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City of Waukesha set to annex Five Diamonds

Common Council will take up action at next meeting

Future site of the Five Diamonds complex off Hwy 59 in the Town of Waukesha.

Future site of the Five Diamonds complex off Hwy 59 in the Town of Waukesha.

Oct. 30, 2012

One relationship could end, while another could begin if the City of Waukesha's Common Council approves the annexation of Five Diamonds from the Town into the City.

The City's Plan Commission voted to recommend the annexation at its meeting last week.

City of Waukesha Mayor Jeff Scrima said the Council will take action on this item at its meeting Nov. 8 at Waukesha City Hall.

In addition to Five Diamonds, the Plan Commission recommended the annexation of the 3.34 acres west of Milky Way Road and south of Sunset Drive from the Town of Waukesha into the City of Waukesha. Tony and Andrea Bryant bought the property and are looking to turn that into a naturescape children's area.

The Five Diamonds property, located W234 S3555 Les Paul Parkway (Highway 59/164), has 36.62 acres.

Scrima said the Commission also recommended the rezoning of the acres from temporary zoning to park zoning and recommended the amending of the land use plan from residential to park.

While not finalized yet, Scrima said he is looking forward to the potential partnership with Five Diamonds.

"What we're getting here in the amount of green space and common land for the public to use for generations is outstanding," Scrima said. "And all of our communication with them has been positive."

Owners Tom Kelenic and Greg Beatty first proposed the $2 million project that includes youth baseball and softball fields in May 2010. A lack of nearby baseball facilities for the Waukesha Blazers organization was the main reason for building the facility. Catholic Memorial High School also uses the fields.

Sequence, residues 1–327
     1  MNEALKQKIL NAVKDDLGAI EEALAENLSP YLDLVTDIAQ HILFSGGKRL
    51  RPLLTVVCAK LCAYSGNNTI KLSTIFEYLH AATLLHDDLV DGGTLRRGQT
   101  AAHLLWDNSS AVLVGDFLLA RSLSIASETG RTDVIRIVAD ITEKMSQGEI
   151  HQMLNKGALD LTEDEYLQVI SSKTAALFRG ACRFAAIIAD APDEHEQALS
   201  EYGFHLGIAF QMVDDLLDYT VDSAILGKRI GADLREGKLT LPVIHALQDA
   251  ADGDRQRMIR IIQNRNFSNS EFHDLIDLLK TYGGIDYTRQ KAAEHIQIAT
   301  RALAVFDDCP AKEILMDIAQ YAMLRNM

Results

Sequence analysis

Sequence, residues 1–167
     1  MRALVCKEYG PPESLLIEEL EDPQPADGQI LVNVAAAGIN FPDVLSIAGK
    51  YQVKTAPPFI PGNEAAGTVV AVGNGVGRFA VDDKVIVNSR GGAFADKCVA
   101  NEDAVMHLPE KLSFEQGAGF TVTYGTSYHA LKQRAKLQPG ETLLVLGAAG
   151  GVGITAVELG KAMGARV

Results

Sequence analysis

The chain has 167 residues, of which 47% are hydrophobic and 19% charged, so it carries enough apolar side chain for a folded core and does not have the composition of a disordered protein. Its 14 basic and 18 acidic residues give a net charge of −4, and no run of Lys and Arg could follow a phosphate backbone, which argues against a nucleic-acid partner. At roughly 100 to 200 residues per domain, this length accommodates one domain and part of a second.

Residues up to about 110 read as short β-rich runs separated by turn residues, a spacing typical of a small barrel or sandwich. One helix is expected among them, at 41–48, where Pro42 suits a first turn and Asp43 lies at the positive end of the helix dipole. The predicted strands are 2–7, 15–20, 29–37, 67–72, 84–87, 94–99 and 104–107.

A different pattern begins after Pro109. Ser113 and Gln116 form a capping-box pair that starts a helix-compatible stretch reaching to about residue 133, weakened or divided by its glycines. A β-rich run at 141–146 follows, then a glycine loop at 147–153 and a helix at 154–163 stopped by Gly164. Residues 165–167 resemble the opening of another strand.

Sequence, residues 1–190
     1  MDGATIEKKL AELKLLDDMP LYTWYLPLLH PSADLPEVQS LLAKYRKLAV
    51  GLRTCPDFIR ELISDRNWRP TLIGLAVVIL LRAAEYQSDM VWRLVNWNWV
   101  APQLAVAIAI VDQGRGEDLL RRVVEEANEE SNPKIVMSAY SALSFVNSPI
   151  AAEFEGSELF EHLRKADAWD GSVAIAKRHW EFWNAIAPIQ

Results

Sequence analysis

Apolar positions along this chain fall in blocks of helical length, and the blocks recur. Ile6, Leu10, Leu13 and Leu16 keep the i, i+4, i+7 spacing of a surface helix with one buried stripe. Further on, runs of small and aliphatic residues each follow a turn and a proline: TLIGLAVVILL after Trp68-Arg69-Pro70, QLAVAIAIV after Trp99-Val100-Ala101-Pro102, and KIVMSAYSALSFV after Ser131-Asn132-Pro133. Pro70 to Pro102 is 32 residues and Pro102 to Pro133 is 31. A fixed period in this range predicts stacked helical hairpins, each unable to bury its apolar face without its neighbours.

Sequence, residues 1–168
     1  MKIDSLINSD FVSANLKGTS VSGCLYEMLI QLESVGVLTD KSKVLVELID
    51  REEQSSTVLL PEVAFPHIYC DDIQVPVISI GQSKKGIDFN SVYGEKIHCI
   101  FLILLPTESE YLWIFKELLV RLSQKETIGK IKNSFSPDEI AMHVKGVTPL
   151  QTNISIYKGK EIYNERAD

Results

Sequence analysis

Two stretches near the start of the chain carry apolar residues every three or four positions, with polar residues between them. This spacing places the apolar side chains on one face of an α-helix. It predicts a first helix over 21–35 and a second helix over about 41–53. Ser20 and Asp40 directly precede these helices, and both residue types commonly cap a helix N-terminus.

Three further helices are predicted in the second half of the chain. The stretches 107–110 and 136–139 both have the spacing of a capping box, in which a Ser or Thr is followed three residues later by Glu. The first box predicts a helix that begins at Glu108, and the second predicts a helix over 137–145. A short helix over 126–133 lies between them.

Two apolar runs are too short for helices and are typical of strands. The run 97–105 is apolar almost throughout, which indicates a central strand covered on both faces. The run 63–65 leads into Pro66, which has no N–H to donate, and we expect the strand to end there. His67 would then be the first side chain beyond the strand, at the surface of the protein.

They broke ground in the summer of 2011, amid concerns from neighbors regarding the lights at the fields. When the facility opened this spring, the problems continued. Town Planner Roger Dupler said at an August Town Board meeting there have been 40 violation complaints of keeping the lights on a half-hour after games and 13 of starting early this summer. No citations were given.

Neighbors said the town needed to strongly enforce the conditional use permit that Kelenic and Beatty agreed upon earlier in the year. They cited in a letter noise and light violations.

Users of the facility, however, said that the neighbors' claims were "petty" and that a facility with countless benefits should not be seen with such backlash. Owners also cited harassment from neighbors for taking videos of children playing if games ran long. The permit said that lights from Monday through Saturday need to be turned off by 9:30 p.m.

Scrima said if the council approves the annexation, the plan commission will then set up a new conditional use permit for Five Diamonds and the Bryants' property.

When asked about how the concerns from neighbors will be different with the city than with the town if the annexation goes through, Scrima said "We are a community with a very well-developed parks system and a very experienced community development staff fully capable of taking this on and look forward in assisting in the development of this family-friendly space.

"The Town has a different process and different requirements than the city," Scrima added. "Five Diamonds ownership and management will understand that they will be required to follow all city regulations."

Scrima added that he is even more excited about this potential development because it goes along with the land that the city now owns that is east of Five Diamonds for future park use.

Town Chairwoman Angie Van Scyoc said annexing the facility from the Town into the City won't be a huge tax loss for town residents.

"I don't see that the issues will change," Van Scyoc said while adding that city residents also had problems with the owners not following the permit. Van Scyoc added that the owners "must think there is something better in the city." She hopes the owners will follow the guidelines and respect their neighbors.

"It's certainly a beautiful place. There's no question about that and as a town, we were proud to be a part of it.," said Van Scyoc.

"We welcomed it into our community, but it's not a loss to the community as it will still be there for children to use and I'm glad about that."

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